講演者: Prof. Tõnu Viik (Tallinn University, Estonia)
日時: 2019年10月29日(火) 18:15-19:45
Falling in love with an artificial companion: a phenomenological study
According to transhumanist visions (David Levy et al.) it will soon be possible to build robots that mimic human beings in their visual appearance, kinesthetic and gesturing skills. Using different kinds of sensors, they will be able to monitor and process human states of mind, i.e., they will possess skills that would be called emotional intelligence or empathy in case of humans. And they will able to modify and attune their behavior according to their human partners’ states of mind, and carry out oral communication – similarly to how two human partners would do it.
As human partners learn to know each other over time, they will possess a lot of information about their partner’s t behavioral patterns, psychological traits, mental and physical habits, tastes, aesthetic and political preferences, etc. Thus in order to perform as if they were humans the robots would need to become “digital twins” of the human companions that they mimicking. This task would include storing and analyzing masses of data about their human partner, including information about their partner’s health status, consumerist preferences, and political views.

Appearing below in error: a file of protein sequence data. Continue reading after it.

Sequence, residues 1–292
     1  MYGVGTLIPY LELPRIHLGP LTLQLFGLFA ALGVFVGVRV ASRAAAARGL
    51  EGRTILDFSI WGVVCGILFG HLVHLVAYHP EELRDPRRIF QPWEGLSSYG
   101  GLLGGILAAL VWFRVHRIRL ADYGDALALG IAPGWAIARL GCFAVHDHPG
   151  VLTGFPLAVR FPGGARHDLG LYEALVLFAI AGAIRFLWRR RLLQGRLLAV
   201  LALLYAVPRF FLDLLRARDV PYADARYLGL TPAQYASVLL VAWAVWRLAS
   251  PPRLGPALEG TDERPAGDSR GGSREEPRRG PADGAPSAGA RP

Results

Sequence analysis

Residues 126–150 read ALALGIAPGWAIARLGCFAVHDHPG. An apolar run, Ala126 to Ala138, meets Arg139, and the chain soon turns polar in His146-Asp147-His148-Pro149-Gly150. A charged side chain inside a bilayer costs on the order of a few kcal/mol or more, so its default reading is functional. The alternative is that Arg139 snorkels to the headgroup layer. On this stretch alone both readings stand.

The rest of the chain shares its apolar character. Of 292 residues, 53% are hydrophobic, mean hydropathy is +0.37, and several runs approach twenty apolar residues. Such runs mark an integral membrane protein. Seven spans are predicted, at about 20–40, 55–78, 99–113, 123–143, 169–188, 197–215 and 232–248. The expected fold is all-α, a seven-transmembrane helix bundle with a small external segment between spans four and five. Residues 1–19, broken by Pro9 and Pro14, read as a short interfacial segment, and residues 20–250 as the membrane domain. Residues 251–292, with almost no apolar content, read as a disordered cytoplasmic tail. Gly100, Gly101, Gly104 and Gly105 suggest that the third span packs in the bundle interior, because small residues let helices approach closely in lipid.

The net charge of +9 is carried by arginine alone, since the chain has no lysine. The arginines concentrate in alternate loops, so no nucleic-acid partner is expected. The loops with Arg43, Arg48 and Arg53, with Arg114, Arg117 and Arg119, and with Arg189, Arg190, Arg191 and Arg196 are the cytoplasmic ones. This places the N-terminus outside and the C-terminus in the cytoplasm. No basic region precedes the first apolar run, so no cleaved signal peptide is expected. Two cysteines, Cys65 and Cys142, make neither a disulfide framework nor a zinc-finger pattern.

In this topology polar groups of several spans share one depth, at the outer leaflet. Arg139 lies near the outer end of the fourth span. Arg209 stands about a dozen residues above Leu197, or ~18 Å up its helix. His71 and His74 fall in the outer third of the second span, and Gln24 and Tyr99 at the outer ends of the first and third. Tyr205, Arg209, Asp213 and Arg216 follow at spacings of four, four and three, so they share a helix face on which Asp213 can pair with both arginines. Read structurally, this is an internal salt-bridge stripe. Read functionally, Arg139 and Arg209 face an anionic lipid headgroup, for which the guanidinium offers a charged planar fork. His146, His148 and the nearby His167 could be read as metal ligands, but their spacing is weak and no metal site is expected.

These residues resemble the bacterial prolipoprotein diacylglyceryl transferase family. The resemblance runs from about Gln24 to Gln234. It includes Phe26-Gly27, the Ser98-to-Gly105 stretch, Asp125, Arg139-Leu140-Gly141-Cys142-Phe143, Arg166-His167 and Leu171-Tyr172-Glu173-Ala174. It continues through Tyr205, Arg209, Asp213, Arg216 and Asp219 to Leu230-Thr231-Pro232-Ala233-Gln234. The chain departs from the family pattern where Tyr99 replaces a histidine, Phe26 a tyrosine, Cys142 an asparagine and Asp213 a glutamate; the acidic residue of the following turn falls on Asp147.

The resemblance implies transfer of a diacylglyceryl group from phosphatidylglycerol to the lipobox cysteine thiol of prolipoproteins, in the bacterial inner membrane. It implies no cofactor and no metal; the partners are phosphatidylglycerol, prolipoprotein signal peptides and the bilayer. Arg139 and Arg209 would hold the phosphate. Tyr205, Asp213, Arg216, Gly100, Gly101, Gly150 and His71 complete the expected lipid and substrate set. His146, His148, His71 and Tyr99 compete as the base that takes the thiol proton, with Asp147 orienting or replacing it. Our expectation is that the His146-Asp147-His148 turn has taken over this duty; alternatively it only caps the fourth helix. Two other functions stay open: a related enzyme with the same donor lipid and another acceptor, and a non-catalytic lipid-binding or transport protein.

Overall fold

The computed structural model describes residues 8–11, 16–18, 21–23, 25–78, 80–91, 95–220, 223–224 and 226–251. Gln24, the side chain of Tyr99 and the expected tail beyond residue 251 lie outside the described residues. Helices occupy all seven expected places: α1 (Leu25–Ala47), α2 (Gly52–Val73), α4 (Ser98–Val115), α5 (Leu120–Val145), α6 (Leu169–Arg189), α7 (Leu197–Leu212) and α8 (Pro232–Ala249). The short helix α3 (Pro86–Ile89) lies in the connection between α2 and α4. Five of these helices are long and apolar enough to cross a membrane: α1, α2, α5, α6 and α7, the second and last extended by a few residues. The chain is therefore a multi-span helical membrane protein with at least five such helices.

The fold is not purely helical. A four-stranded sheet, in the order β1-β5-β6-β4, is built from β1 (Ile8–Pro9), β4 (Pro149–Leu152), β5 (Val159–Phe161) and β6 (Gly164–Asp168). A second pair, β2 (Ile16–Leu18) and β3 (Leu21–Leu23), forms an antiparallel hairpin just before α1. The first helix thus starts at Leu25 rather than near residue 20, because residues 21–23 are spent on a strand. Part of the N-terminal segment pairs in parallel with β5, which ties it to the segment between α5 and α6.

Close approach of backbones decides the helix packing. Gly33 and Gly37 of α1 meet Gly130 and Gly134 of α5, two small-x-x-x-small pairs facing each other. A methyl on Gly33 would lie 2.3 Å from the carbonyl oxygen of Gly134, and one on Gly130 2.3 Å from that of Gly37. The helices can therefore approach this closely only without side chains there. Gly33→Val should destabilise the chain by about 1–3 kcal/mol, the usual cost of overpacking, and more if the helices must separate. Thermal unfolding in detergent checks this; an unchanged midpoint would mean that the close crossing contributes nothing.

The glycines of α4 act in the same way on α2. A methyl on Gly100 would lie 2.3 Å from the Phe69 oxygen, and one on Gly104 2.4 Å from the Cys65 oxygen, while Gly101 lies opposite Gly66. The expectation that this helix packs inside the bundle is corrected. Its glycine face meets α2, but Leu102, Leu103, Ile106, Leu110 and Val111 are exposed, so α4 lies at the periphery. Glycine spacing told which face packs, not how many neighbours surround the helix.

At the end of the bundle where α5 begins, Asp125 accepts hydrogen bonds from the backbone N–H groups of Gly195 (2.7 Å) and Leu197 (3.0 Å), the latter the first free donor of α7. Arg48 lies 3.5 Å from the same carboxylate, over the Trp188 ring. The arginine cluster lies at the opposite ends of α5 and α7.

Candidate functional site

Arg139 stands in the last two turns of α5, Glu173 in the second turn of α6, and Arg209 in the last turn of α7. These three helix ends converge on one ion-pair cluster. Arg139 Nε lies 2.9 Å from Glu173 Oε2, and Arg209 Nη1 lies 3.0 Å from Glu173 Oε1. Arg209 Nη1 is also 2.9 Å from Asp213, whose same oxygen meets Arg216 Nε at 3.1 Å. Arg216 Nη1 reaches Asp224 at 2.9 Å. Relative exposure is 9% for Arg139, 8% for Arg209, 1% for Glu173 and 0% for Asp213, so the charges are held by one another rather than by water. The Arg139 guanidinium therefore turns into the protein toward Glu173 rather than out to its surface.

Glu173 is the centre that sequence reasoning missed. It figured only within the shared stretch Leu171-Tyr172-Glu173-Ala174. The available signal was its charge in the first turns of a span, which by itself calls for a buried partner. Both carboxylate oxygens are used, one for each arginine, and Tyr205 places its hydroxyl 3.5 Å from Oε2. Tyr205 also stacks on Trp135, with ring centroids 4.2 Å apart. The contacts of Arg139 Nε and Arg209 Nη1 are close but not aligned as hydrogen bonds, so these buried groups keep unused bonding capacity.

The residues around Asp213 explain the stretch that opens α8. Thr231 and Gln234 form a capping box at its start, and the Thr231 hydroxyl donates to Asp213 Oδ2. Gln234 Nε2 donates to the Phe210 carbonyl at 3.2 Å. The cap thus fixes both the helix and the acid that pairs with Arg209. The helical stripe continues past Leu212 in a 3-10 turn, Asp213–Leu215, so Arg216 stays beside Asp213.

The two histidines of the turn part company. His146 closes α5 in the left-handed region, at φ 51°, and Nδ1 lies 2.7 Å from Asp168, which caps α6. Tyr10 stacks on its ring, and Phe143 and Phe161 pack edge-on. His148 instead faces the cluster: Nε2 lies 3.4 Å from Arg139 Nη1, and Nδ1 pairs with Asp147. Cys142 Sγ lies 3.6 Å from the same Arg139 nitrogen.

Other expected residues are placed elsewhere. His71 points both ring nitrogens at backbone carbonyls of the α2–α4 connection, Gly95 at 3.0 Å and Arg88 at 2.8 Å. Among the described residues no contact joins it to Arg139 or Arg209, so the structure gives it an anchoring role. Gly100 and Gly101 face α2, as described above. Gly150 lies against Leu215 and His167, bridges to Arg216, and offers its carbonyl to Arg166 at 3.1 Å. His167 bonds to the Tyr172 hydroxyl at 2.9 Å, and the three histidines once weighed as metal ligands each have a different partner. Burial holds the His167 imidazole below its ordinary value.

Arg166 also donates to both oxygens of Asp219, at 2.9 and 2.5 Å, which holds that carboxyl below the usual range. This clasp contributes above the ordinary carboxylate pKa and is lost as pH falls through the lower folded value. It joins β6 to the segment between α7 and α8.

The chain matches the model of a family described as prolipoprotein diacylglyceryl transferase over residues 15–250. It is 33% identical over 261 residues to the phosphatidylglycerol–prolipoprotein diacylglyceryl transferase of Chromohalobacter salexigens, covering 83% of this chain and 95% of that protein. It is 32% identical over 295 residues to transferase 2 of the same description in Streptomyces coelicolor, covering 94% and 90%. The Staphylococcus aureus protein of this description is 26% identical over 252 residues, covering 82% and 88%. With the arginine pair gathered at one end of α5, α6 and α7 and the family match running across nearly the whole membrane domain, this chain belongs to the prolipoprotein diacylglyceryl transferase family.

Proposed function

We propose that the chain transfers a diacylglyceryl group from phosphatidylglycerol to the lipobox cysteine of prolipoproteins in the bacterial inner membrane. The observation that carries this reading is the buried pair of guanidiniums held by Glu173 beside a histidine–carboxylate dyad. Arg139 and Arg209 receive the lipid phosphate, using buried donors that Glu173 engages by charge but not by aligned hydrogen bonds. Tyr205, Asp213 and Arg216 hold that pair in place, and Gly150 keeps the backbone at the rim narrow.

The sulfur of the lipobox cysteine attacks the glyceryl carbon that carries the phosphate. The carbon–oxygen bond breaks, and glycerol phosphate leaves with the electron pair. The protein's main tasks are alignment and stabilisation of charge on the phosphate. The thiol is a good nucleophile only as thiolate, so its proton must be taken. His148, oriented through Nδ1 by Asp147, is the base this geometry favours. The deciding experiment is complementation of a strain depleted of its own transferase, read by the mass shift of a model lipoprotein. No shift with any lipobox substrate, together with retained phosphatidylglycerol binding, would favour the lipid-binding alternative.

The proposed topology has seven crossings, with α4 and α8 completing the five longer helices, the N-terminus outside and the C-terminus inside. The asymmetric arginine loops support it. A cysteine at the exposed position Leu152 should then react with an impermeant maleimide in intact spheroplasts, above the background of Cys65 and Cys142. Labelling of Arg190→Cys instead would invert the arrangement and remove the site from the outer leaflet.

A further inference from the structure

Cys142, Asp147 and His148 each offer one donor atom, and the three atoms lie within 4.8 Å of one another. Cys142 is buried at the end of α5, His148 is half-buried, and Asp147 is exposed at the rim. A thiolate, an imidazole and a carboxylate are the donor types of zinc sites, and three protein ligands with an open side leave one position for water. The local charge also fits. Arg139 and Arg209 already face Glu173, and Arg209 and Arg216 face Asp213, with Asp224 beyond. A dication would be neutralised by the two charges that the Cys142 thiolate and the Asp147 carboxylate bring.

Assuming that it will be technically possible to build such synthetic androids, what are the implications of their presence for human beings? Would it be possible to form romantic relationships with such beings? How would humans experience the otherness of the robotic companion? The talk will address these questions from the point of view of (post-)phenomenology, i.e., from the point of view of human experience of technological alterities. Phenomenological analysis of love experience suggests that romantic feelings include experiencing the alterity of the partner as an affective subjectivity that freely, willingly, and passionately commits to its partner. In other words, the romantic commitment is expected to stem from the sentient inner selves of the lovers, which is one of the features that robots are lacking. Thus the artificial alterity might disengage our romantic aspirations, and, as argued by many, will make them inferior to intraspecies love affairs. The analysis given in the talk will restrain from ethical considerations, however, and will focus on whether synthetic androids can in principle elicit human feelings of love.